Many people have come to believe that with the grand triumphs the Reformation experienced under the early Reformers, such as Luther, Zwingli and those who followed them, the darkness was dispelled which for centuries had held the world in its grip, and that the establishment of Protestantism was assured. Nothing, however, could be farther from the truth. A little more than a century after Luther nailed his ninety-five theses on the church door at Wittenberg, the counter-reformation very nearly destroyed all the progress of the previous one hundred years. Only the little country of Sweden stood in the way of the Jesuits and the ultimate triumph of Romanism on the Continent.
In 1618, Germany was considered a rich country. Under the influence of a long period of peace, its towns had enlarged and its villages increased in number. Wealth abounded in the cities, and even the country people lived in relative comfort and ease. Now, however, the fire started by the Reformation a century before had begun to grow dim. The spirit that had animated the Reformers was not to be found in the men who had taken their place. The Protestant movement, begun with such dedication and zeal, had, to a large extent, been replaced with apathy and indifference.
Already the iron hand of military violence, moved by the Jesuits, was crushing out Protestantism in Bohemia, Hungary, and Transylvania. Their nobles were dying on the scaffold; their ministers were shut up in prison or chained to the galleys; and their churches and schools lay in ruins. Confiscation and execution were the order of the day; and those who had not returned to the Catholic faith had disappeared from the land, either driven into exile or slaughtered by soldiers.
The vast ambition of Ferdinand II, emperor of the empire, was not satisfied with the extermination of the Protestant faith in his own dominions. His aim was nothing less than its overthrow in all of Germany. In the process, it was his aim to sweep away all the charters and constitutions which conferred independent rights on the German States, thereby subjecting both princes and people to himself.
In 1609, the Catholic League had been formed with the avowed purpose of counteracting the threat of Protestantism. The Protestants, however, met the zeal of the League with only faintheartedness and indifference. By 1627, under the leadership of Generals Tilly and Wallenstein, the League was everywhere triumphant. Germany lay beaten down and trampled. Its princes had been humiliated; its towns garrisoned with foreign troops; and an army of bandits, now increased in size to 100,000, were roaming the countryside turning its productive fields into a vast wilderness. As if these evils were not enough, another plan was underfoot to plunge Germany into an abyss of misery.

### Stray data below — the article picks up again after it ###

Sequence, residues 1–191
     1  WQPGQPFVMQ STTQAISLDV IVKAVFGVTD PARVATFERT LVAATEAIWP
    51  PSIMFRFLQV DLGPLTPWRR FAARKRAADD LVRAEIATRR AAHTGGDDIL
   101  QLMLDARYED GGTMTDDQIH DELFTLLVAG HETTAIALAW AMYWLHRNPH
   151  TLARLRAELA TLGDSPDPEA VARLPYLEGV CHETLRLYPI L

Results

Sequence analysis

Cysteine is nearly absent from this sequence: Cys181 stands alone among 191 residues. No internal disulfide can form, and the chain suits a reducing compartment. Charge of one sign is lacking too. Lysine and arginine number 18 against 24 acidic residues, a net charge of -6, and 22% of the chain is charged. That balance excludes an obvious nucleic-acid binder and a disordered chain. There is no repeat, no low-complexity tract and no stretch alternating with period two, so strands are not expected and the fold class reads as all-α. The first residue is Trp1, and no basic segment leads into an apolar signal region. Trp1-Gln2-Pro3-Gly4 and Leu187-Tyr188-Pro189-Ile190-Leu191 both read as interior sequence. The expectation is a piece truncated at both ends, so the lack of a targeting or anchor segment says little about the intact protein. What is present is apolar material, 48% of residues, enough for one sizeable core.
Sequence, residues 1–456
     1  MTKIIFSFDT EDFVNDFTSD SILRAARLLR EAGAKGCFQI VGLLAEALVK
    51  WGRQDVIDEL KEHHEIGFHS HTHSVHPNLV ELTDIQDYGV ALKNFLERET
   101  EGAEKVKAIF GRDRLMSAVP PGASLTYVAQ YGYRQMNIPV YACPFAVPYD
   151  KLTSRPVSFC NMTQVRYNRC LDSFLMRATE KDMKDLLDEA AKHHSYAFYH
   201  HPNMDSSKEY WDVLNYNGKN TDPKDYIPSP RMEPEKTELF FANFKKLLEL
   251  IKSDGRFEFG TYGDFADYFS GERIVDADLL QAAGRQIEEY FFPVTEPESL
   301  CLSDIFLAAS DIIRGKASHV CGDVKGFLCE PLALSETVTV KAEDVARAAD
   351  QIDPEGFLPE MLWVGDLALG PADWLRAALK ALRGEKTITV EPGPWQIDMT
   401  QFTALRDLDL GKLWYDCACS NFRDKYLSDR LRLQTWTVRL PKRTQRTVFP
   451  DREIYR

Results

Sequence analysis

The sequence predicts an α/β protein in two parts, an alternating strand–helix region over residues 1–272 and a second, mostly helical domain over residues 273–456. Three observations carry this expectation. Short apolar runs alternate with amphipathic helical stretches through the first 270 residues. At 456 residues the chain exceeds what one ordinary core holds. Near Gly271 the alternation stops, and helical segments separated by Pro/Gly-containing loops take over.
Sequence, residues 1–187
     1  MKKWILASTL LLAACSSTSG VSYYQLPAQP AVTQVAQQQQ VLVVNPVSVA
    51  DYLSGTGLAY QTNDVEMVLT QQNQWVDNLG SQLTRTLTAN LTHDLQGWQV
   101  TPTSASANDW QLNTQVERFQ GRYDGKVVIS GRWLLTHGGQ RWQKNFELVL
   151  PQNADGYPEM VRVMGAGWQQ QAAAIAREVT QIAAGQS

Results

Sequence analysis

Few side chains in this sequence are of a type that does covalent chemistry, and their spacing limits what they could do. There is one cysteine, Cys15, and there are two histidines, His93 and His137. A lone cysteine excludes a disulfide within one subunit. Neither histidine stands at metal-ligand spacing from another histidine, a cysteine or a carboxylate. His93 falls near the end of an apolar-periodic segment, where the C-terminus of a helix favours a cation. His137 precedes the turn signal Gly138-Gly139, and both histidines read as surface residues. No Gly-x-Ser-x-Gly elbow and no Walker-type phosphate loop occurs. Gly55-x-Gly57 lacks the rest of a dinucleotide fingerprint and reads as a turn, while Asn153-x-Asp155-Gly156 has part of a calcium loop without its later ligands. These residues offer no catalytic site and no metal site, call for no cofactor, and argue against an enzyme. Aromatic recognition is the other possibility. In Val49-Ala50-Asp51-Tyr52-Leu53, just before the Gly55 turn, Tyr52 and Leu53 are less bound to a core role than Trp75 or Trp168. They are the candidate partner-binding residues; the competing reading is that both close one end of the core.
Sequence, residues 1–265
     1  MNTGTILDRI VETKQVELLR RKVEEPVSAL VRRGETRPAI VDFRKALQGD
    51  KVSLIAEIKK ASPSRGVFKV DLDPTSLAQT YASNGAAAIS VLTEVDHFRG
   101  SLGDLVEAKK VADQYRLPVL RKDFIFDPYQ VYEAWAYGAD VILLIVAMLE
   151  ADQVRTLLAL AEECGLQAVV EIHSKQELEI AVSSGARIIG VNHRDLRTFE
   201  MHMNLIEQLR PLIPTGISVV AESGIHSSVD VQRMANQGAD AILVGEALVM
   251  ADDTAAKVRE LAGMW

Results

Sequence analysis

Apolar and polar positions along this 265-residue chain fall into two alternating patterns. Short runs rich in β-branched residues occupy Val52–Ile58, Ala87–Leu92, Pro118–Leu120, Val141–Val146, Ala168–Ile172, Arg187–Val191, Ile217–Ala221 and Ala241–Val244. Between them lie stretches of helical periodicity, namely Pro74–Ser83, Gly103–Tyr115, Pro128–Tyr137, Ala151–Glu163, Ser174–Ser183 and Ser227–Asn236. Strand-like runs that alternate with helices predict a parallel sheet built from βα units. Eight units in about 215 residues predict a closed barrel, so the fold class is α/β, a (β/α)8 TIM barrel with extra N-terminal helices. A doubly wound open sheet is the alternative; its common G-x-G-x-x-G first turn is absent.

The League was now master of Germany. The Jesuits might survey the whole land and say that where Lutheranism once existed, it was now extinct; henceforth, Rome resumed her sway. The once powerful Protestant Churches of Poland, Bohemia, and Hungary were in ruins. The victorious arms of the League had been carried all the way to the Baltic Sea. Already Ferdinand and the Jesuits were contemplating the next conquest of arms to be Denmark and Sweden. But as they dreamed, reeling with success, retribution was to come sooner than Ferdinand had foreseen, and in a way he could not possibly have dreamed.
Just when the cause of Protestantism was, to all appearances, lost and it appeared that all the plans of the emperor and the Jesuits must surely succeed, all parties in this transaction appear as if they were smitten with a supernatural blindness for the occasion. In the moves that followed, the groundwork was laid for the overthrow of that which all desired to exalt.
Sensing the imminent triumph of the armies of the League, Ferdinand issued the Edict of Restitution. Under the terms of this edict, all property that had been taken from the Catholic Church since 1552 was now to be returned. In issuing this edict, Ferdinand alienated the Protestant princes, as many of them now held lands they must relinquish under the new law.